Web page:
Knowing she couldn’t let this girl feel embarrassed but also that she couldn't lose, Abbey stood behind her teammate. As soon as the girl missed the serve receive pass, Abbey dove on the floor and popped it right up. They went on to win the match.
“She’s the kind of kid everyone dreams of coaching,” her club coach Ryan Mitchell said.
Thirteen years later, the senior setter still remains that stable force on and off the court — earning second-team All-ACC honors as the team captain for the No. 7 Tar Heels.
“I’ll be talking to a player, ask them how they’re doing, and they’ll say, ‘Oh good. I’ve been talking to Abbey a lot,’" Sagula said. "People just gravitate toward her."
“She doesn’t break down, and that’s what makes her so durable. She doesn’t let the ups and downs affect her game and the way people see her.”
All it took was a look and a quivering chin.
Abbey was getting ready for a birthday party for one of her teammates. She’d just finished her last exam of her first year and was set to leave for Europe with the team in a week and a half.
She, along with teammates Sheila Doyle and Tatiana Durr, received a message from Sagula: “Come to the entrance of Carmichael at 7.”
A bit unusual, sure, but it was on the way.
So at 7 p.m. on May 2, 2014, Abbey stood outside the entrance of Carmichael Arena in front of the row of glass doors, the same ones through which her family and friends entered to watch her play. She stared out at Hooker Fields as the sun was beginning to set, patiently waiting for Coach.
He pulled up in front of the entrance, as he often did. But her brother, Scott, emerged from the passenger door.
“At first, she was excited to see me," Scott said. "I could see her face light up."
But that excitement was brief.
Scott couldn’t stop his chin from quivering. He just looked at her and said, “Yeah.”
And that’s when she knew. Cancer had won yet again.
She stood almost 1,200 miles away from home, in front of the gym where she’d already had so much success — surrounded by her best friends, her coaches and her brother who, knowing Abbey and Chris' relationship, flew down from New York to deliver the news.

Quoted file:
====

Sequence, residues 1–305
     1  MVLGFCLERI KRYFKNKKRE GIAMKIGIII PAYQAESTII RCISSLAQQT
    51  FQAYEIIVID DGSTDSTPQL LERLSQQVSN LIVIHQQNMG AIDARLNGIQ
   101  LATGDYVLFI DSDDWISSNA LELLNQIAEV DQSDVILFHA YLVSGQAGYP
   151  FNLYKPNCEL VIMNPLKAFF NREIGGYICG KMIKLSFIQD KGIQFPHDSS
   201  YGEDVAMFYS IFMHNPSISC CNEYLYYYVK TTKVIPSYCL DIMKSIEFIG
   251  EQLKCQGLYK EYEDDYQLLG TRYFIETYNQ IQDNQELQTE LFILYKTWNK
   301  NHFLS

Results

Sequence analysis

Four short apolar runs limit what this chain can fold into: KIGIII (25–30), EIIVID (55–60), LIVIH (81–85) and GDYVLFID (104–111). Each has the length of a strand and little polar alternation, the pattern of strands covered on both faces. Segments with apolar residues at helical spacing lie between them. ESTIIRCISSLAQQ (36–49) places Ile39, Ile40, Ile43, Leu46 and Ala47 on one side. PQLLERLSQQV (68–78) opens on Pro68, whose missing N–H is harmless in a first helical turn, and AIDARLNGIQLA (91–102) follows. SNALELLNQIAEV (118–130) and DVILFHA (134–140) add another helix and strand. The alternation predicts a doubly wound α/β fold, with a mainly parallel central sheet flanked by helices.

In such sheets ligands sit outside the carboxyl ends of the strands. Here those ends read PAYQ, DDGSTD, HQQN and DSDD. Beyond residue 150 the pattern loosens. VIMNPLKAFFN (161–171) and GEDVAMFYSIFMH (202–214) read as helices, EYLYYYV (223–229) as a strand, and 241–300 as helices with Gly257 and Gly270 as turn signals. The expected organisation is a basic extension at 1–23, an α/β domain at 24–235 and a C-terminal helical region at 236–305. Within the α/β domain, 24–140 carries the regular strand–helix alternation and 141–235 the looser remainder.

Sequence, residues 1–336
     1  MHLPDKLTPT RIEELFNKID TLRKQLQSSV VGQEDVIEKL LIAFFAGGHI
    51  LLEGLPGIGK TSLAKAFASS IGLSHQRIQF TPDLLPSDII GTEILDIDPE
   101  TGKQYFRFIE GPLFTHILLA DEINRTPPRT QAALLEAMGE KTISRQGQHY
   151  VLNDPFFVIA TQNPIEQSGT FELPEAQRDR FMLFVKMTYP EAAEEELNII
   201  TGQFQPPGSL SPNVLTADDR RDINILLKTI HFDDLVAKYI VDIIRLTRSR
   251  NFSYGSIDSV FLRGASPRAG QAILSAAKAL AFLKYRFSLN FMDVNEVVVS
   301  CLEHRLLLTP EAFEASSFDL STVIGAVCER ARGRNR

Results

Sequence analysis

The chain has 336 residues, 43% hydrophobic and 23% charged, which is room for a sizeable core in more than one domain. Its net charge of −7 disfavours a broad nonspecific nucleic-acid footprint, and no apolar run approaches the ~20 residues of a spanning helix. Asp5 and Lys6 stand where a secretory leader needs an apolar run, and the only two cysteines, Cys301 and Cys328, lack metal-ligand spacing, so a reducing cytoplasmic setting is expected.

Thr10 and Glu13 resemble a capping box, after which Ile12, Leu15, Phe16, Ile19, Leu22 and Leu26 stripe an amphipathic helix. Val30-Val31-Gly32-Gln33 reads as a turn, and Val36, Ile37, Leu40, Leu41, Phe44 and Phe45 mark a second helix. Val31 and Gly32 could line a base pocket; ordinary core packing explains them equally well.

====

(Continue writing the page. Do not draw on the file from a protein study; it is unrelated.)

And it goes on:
She flew home to Plano for one funeral, then to Detroit for another. Then, she came back to Chapel Hill.
Soon after that night in front of Carmichael, Abbey flew with her team to Turkey for a 13-day exhibition tour around Europe.
“She didn’t want to let the team down, and I believe she did it in memory of her dad,” Sagula said.
“And to her credit," Assistant Head Coach Eve Rackham said, "you would’ve never known it."
But she’s not a robot.
It might be in her room, tucked away from the lights of Carmichael and the presence of her teammates, but Abbey remembers.
She reaches for the phone, hoping to tell him her latest update, and she remembers.
Turn on “Drops of Jupiter,” and you might see some tears stream down Abbey’s face as she remembers her dad singing. A quote from Bridesmaids? Instantly, she laughs and remembers the man with whom she can quote that movie nearly word-for-word.
He wanted her to be a little selfish, to take credit for something and score her own points sometimes. Every time she “dumps” the ball over the net on the second touch, taking the opposing team by surprise and earning a point, she looks up. She plays for him.
“She’s going to leave back a legacy of what future Carolina players can be,” Sagula said.
She’s her father’s daughter.